Some bad news for those who were contemplating a refrigerator box under a Los Angeles freeway for their next home. Apparently it isn't healthy to live near a highway.
Researchers from USC and UC Berkeley, who clearly have too much time and probably foundation money on their hands, found a link between automotive exhaust and the progression of atherosclerosis -- the thickening of the walls of your arteries. The study was published in the journal PloS ONE.
Every six months for three years, the researchers used an ultrasound to measure the wall thickness of the carotid artery in 1,483 people who lived within 328 feet -- 100 meters -- of Los Angeles freeways. The wall thickness growth was more than twice the average progression in study participants. This was the first time such a study was conducted on humans, although many laboratory mice were apparently trying to tell them the same thing.
Atherosclerosis can lead to heart attacks and strokes.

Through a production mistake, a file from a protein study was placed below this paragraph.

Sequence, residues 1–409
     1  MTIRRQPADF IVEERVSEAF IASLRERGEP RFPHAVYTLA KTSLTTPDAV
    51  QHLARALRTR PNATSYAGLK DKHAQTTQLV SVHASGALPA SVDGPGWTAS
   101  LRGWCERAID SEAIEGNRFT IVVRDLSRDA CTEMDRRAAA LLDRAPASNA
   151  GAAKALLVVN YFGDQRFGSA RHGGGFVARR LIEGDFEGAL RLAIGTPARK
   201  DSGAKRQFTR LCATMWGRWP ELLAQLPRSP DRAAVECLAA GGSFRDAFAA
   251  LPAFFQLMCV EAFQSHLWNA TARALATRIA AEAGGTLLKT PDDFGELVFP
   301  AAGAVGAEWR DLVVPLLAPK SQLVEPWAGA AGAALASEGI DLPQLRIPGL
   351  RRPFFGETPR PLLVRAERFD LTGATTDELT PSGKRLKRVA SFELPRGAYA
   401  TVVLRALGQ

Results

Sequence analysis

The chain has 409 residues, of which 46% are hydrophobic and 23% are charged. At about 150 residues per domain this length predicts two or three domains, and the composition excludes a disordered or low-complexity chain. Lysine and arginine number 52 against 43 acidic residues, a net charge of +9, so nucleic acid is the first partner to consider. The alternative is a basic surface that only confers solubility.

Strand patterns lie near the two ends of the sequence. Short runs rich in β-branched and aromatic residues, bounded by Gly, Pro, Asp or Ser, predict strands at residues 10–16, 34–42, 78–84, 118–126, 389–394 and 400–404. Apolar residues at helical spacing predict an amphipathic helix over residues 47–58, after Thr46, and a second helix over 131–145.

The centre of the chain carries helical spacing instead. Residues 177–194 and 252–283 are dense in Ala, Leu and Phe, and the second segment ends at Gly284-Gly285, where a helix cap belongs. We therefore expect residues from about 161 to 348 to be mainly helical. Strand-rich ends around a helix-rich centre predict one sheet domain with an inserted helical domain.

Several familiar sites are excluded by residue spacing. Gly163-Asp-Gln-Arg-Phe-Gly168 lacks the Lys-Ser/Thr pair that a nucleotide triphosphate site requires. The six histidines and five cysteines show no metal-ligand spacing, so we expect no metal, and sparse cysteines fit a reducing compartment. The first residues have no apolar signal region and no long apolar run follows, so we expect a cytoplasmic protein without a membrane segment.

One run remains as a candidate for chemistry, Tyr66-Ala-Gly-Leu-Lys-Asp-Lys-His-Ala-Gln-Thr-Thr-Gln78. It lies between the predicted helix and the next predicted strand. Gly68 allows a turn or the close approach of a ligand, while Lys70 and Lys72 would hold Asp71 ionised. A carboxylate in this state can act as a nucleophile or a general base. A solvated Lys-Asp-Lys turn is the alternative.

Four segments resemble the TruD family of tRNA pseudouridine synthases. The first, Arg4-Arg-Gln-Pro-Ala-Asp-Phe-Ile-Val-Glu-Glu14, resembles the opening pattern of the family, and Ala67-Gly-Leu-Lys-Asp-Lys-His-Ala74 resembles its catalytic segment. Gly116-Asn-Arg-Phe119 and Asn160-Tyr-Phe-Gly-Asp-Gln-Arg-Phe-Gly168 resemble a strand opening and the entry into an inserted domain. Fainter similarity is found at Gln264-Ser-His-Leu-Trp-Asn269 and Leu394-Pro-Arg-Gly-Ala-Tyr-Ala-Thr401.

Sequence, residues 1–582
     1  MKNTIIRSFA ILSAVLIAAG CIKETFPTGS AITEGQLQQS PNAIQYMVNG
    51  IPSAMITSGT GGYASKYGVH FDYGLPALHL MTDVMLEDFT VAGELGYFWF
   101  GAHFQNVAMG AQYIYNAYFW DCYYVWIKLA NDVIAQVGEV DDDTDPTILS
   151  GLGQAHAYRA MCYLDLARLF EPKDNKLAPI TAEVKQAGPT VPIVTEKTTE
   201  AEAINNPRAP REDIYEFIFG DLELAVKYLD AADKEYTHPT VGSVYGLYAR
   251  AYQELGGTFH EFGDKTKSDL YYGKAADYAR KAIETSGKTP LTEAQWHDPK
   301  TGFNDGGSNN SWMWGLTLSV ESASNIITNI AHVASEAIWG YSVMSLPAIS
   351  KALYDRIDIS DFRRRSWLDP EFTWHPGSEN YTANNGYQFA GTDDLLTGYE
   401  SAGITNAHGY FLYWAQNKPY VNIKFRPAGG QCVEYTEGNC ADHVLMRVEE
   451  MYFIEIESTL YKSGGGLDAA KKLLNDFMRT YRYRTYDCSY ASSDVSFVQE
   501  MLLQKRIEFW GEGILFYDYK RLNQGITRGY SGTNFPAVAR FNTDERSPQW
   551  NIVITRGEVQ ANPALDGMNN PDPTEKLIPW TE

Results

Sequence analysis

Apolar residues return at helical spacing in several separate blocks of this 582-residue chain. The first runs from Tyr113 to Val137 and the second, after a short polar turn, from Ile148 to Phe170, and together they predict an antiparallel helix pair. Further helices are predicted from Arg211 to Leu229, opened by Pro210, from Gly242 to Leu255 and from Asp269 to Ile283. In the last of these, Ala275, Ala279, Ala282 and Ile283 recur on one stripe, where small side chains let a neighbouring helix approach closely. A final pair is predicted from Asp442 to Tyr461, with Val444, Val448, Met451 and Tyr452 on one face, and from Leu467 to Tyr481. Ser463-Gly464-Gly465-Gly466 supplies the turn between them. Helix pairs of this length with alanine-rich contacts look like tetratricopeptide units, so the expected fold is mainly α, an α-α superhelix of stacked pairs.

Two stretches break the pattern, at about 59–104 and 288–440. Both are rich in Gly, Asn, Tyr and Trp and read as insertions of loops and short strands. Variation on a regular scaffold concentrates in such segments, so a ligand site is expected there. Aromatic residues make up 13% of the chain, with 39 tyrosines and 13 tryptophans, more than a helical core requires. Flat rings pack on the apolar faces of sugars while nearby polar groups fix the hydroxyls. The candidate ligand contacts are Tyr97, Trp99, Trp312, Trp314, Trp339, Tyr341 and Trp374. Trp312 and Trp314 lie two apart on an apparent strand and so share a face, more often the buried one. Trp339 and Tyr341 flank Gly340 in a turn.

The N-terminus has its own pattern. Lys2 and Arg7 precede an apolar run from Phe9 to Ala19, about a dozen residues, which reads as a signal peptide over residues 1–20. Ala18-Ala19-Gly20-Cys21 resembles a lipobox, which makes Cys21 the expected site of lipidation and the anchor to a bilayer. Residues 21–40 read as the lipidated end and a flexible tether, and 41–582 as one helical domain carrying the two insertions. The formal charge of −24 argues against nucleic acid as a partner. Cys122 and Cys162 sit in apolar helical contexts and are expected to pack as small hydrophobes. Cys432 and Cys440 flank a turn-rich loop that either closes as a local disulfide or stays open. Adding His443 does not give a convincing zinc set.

A cause for alarm? In the four-county Los Angeles basin, 1.5 million people live within 984 -- 300 meters -- of a major freeway. And if the homelessness rate is to be believed, more are moving in every day.
Since we all like creative solutions, here's one: What if we removed a few highways? It was done in Seoul, South Korea in 2002, when the mayor eliminated a 1970s era highway that had literally paved over the Cheonggyecheon River. Instead of rebuilding the road, he restored the stream along the old riverbed. The result was less traffic, more bicyclists and better public transportation options.
A little closer to home, the Embarcadero Freeway once stood elevated on the San Francisco waterfront. Gone now, with a little help from the 1989 Loma Prieta earthquake, what stands in its place today is a waterfront boulevard with parks, bike trails and public exhibitions.
So yes, car exhausts cause air pollution and air pollution is bad for us. Foundations with money to burn may find me here at WalletPop.com.
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